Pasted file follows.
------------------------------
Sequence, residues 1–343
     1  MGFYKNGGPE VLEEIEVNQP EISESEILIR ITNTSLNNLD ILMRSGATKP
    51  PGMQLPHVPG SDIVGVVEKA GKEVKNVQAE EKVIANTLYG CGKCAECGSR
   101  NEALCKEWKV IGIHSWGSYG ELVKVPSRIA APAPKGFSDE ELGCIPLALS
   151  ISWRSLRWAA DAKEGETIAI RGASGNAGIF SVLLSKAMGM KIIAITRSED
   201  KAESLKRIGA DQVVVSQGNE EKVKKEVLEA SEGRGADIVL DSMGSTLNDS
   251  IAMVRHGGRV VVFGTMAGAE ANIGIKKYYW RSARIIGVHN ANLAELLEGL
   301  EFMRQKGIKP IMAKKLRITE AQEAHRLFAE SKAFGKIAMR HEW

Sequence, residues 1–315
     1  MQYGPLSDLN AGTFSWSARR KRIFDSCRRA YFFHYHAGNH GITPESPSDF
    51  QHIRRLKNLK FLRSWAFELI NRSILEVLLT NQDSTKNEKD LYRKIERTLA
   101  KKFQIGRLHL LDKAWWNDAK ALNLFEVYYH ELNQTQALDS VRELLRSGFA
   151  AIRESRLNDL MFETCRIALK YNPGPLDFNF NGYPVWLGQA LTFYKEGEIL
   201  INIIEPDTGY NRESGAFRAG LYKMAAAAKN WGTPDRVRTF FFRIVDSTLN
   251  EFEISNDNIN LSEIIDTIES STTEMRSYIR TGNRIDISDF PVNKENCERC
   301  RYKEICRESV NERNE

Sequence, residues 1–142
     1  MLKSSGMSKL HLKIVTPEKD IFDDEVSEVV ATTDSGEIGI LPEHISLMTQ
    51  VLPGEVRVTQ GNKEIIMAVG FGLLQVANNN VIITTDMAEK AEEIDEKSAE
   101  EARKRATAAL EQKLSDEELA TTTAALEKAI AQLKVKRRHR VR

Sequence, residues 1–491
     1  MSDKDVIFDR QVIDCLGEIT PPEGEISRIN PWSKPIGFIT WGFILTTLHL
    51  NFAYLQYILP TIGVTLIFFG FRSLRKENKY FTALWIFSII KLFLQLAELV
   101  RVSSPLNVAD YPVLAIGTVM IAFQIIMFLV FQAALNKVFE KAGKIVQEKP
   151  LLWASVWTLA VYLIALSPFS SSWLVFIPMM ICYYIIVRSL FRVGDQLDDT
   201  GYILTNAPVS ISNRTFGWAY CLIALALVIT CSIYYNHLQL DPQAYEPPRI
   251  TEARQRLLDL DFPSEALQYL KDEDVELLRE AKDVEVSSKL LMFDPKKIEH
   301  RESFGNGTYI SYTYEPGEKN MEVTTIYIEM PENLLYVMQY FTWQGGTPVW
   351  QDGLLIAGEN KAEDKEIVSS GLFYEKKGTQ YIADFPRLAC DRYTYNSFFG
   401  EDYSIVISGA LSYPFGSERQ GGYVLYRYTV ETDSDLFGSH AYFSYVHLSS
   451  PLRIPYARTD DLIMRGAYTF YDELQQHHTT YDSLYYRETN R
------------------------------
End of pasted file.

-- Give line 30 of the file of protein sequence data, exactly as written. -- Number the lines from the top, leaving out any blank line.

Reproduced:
   401  EDYSIVISGA LSYPFGSERQ GGYVLYRYTV ETDSDLFGSH AYFSYVHLSS